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New York Sues Trump Over Real Estate 'University'

New York Sues Trump Over Real Estate 'University'

The New York attorney general has filed a civil suit against Donald Trump and his real estate school, alleging the mogul's "university" was a fraud.

More than 5,000 participants paid for three-day seminars, where they were urged to pay anywhere from $10,000 to $35,000 for "elite" real estate courses. But they received little substantive training, the suit alleges. The lawsuit seeks $40 million in restitution.

"Trump University engaged in deception at every stage of consumers' advancement through costly programs and caused real financial harm," New York Attorney General Eric Schneiderman told reporters. "Trump University, with Donald Trump's knowledge and participation, relied on Trump's name recognition and celebrity status to take advantage of consumers who believed in the Trump brand."

The Trump Organization fired back at the charges, saying that the program has a "98 percent approval rating." The company also set up a Web site to defend the charges.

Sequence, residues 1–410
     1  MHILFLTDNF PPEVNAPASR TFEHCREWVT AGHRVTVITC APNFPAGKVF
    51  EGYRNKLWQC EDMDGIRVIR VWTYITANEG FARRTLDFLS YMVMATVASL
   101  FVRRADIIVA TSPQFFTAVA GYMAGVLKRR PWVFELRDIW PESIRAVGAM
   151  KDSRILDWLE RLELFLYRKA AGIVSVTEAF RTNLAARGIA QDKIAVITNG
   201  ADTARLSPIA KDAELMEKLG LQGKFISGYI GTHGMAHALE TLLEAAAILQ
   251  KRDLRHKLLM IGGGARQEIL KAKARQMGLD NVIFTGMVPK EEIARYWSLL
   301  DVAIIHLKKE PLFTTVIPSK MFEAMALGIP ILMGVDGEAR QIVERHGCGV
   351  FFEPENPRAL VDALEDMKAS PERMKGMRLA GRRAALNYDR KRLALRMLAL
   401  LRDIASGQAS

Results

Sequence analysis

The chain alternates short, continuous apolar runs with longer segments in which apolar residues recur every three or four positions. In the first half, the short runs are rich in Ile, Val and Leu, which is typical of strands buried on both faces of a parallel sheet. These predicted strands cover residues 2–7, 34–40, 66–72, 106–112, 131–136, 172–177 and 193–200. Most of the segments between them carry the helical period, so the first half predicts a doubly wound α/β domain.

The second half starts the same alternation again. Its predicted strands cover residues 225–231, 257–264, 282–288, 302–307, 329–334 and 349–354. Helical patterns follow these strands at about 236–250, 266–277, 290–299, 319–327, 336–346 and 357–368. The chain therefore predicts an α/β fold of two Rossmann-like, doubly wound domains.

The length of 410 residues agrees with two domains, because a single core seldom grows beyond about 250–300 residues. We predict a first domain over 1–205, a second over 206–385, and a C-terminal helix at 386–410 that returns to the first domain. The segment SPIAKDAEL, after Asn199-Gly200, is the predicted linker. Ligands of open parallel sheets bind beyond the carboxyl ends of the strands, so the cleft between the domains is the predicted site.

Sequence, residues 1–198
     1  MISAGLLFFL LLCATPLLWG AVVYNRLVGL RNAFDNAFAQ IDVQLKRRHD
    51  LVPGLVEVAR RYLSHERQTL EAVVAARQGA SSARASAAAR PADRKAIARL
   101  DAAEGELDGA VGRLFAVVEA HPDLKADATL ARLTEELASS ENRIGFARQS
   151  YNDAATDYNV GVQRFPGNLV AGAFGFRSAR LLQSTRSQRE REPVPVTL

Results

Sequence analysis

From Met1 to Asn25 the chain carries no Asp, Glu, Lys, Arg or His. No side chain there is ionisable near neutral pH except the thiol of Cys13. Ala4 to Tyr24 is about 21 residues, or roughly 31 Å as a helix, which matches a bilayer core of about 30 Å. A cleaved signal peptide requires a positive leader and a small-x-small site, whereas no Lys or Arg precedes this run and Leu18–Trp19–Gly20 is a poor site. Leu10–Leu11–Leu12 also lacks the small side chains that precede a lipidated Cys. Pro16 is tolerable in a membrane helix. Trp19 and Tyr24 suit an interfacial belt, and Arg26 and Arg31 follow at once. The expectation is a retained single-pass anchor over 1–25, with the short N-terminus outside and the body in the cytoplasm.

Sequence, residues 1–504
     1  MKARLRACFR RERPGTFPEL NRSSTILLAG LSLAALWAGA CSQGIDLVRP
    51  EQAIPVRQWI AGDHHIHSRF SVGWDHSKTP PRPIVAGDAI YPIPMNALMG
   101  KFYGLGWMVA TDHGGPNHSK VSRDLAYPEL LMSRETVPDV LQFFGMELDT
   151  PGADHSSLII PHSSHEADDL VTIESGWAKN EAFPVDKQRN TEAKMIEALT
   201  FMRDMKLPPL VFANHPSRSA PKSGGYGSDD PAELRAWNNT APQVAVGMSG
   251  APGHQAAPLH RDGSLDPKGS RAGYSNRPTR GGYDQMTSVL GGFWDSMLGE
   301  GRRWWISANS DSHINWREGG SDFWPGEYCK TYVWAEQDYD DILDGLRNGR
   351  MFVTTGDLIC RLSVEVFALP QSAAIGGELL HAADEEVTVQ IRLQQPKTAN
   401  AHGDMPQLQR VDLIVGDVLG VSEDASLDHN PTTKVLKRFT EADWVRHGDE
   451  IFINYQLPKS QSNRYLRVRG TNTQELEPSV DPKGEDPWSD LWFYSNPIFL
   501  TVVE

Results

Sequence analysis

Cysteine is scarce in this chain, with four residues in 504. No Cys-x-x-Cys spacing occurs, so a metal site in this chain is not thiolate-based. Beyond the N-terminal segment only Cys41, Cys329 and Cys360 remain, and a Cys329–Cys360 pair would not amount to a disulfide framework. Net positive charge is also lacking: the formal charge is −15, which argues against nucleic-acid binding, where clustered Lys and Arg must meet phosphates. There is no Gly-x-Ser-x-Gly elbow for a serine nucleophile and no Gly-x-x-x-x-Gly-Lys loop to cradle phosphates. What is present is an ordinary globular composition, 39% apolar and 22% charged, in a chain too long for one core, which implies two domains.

The Trump counter attack focused specifically on the "gross incompetence" of Mr. Schneiderman.

"The action has no merit and is nothing more than a cheap publicity stunt to deflect from [Mr Schneiderman's] weak job performance," a Trump spokesman said. "Maybe his office should focus more of their attention and the use of our tax dollars on bringing to justice those responsible for the financial meltdown."

Mr. Schneiderman, who said he was responding to complaints about the courses, characterized the university as an "elaborate bait and switch."

"Mr. Trump used his celebrity status and personally appeared in commercials making false promises to convince people to spend tens of thousands of dollars they couldn't afford for lessons they never got," Mr. Schneiderman said in a statement.

The suit alleges that from 2005 to 2011 Trump marketers made "false claims" and made "false promises" about the courses. In 2010 the name was changed the Trump Entrepreneur Initiative after states charged that the courses did not meet the legal requirements for a "university."

The Better Business Bureau rated the courses a D-minus, its second lowest rating, in 2010 after receiving 23 complaints. In 2011, the New York Times reported on upset participants, who said they were promised individualized training and investment support they never received.

Among other charges, the suit alleges Trump University promised students they would learn "from Donald Trump's handpicked instructor" who would teach "a systematic method for investing in real estate that anyone can use."
But Mr. Trump "did not handpick even a single instructor at these seminars and had little or no role in developing any of the Trump University curricula, or seminar content," Mr Schneiderman said in a statement.

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